A family project for the Hoffmans

Times Staff Writer

Actor Philip Seymour Hoffman and older brother Gordy Hoffman are mugging for a photographer in the courtyard of the ArcLight Theatre in Hollywood. As audiences pour out of the complex on this windy Friday evening in November, the siblings begin walking along with the patrons and the photographer snaps away.

Moving to an egg-shaped sculpture, the Hoffmans lean over the piece and make funny faces. And when the photographer shows them the digital images she just shot, Philip Seymour Hoffman smiles broadly: "That's perfect."

The Hoffmans had just introduced a screening of their movie, "Love Liza," at the AFI Film Festival. Philip Seymour Hoffman stars in the movie, which opened in limited release Monday. Gordy Hoffman, a playwright and theater director, won the Waldo Salt Screenwriting Award at the Sundance Film Festival last January for "Love Liza," his first finished screenplay.

The brotherly playfulness isn't in evidence while the two are grabbing a quick bite at the restaurant at the ArcLight before their post-screening question-answer session. The Hoffmans are friendly and talkative, but they're tired. They had been ensconced in a hotel room most of the day talking about "Love Liza." Philip Seymour Hoffman had just flown in the night before from his home in New York City -- Gordy lives in Los Angeles -- and was to return the next day.

During the last decade, Philip Seymour Hoffman has become known as one of the best and most versatile performers on screen and stage. The chameleon-like actor has appeared in all four Paul Thomas Anderson films, most memorably as the gay member of a porn film crew in "Boogie Nights" (1997) and as the blackmailer in the current "Punch-Drunk Love." He gave knockout performances as the rock purist journalist Lester Bangs in Cameron Crowe's "Almost Famous" (2000) and as the wryly perceptive murder victim Freddie Miles in "The Talented Mr. Ripley" (1999) and a flamboyant drag queen in "Flawless" (1999) opposite Robert De Niro.

Last fall, Hoffman was seen as a corrupt tabloid journalist in "Red Dragon," and he's in Spike Lee's new movie, "25th Hour," as a nebbishy high school teacher who falls for one of his students.

"Love Liza," though, is the first film he carries. He gives a warm, funny, pathetic and tragic performance as Wilson Joel, a geeky Web site designer whose young wife, Liza, recently committed suicide. Liza has left Wilson a suicide letter, but he refuses to read it. He assuages his grief by seeking escape, not in pills or liquor but by becoming a gasoline huffer. Kathy Bates plays his mother-in-law, who is coming to terms with her daughter's suicide while dealing with her increasingly out-of-control son-in-law.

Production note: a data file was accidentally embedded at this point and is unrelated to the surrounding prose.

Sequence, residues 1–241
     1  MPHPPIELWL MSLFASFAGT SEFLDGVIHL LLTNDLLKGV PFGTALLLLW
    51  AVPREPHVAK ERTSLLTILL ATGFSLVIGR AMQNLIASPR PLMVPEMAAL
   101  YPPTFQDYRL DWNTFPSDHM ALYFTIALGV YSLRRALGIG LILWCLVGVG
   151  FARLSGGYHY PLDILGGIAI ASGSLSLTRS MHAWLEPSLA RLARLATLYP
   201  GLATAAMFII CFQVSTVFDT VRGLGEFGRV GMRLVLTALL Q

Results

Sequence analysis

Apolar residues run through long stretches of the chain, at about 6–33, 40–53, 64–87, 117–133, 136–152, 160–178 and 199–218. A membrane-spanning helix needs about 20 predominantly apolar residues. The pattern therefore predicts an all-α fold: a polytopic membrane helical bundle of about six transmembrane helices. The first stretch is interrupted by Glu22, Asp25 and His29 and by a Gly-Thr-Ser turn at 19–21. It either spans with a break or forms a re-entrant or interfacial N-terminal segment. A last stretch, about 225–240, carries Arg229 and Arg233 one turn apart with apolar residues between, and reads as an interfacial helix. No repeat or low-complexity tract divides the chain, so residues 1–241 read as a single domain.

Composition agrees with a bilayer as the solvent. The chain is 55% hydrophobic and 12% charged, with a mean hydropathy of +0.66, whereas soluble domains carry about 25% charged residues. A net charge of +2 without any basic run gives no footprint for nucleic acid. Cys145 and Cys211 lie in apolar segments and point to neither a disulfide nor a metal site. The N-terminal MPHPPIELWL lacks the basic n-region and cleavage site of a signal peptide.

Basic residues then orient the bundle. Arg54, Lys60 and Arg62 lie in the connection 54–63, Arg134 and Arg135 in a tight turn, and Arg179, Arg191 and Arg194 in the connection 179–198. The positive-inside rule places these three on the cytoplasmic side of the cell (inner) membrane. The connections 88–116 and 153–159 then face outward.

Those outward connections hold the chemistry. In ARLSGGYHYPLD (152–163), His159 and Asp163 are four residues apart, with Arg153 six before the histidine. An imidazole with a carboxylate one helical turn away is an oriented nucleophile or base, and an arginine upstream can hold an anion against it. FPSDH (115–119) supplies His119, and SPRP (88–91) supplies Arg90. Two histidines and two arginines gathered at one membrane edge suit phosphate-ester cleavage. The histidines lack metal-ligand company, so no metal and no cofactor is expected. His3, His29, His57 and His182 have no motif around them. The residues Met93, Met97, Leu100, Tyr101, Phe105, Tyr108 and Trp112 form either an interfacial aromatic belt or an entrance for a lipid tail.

Philip Seymour Hoffman says that Wilson refuses to read Liza's letter for one simple reason: "Because I think it's the last time he will talk to her. It's scary to know that there won't be anything after that."

The Hoffman brothers bear little family resemblance. Philip Seymour Hoffman, 35, is shorter, thinner and better looking than his often Pillsbury doughboy-like movie persona. His reddish blond hair is cut relatively short, though his unruly bangs often hang in his eyes. Gordy Hoffman is 37, a head taller than his brother and thin; his black, curly hair is flecked with gray. Both have clear blue eyes and wear glasses.

Growing up in Rochester, N.Y., Philip admits, he was closer to their sister Emily, who is a year younger. "Gordy graduated from high school before I entered high school," says Philip. "We came from a family of four. I have a sister, Jill, who is seven years older. We lived in the same house and we were close in that way, but I have gotten to know Gordy and Jill since then, though we live in different cities."

"I went to college in Kansas," says Gordy. "He went to school at NYU and stayed basically in New York. I was in Chicago basically and Washington, D.C., and I moved to L.A., so we were never in the same city. I was pursuing writing and directing [in the theater] and Phil has stuck to directing and acting. We have separately have gone about our things, but six years ago I wrote 'Love Liza.' That is when we started this project."

Gordy Hoffman didn't write "Love Liza" with his brother in mind. "It was written for anybody, but I showed it to him about 10 days" after writing the first draft, he says. His brother loved the script and wanted to do it. But it took four years to secure financing.

"Phil was a name, but as the years went by, the name increased and his profile got higher," says Gordy Hoffman. "I rewrote the mother role and made it a little bit bigger and they put it in front of Kathy Bates, and she accepted it.... Finally we had a package."

Having Wilson huff gasoline to cope with Liza's death, says Gordy Hoffman, was a way to illustrate how different everybody's path is in dealing with suicide. "It's not some rarefied substance," says Gordy.

"It's just more irresponsible, and the more irresponsible the better," says Philip. "This guy has had this incredibly tragic thing happen a week ago and he just wants to go to the gas station and see how the gasoline smells, you know. He'd rather not read the note or talk to his mother-in-law."

Gordy Hoffman worked on the script in L.A. with director Todd Louiso, who worked with Philip Seymour Hoffman as an actor in "Scent of a Woman" in 1992. "We didn't really work on it together," says Philip Seymour Hoffman. "I was just doing my thing. He would always send the rewrites and I would give little comments to it. I stay out of that stuff. I was happy with the script."

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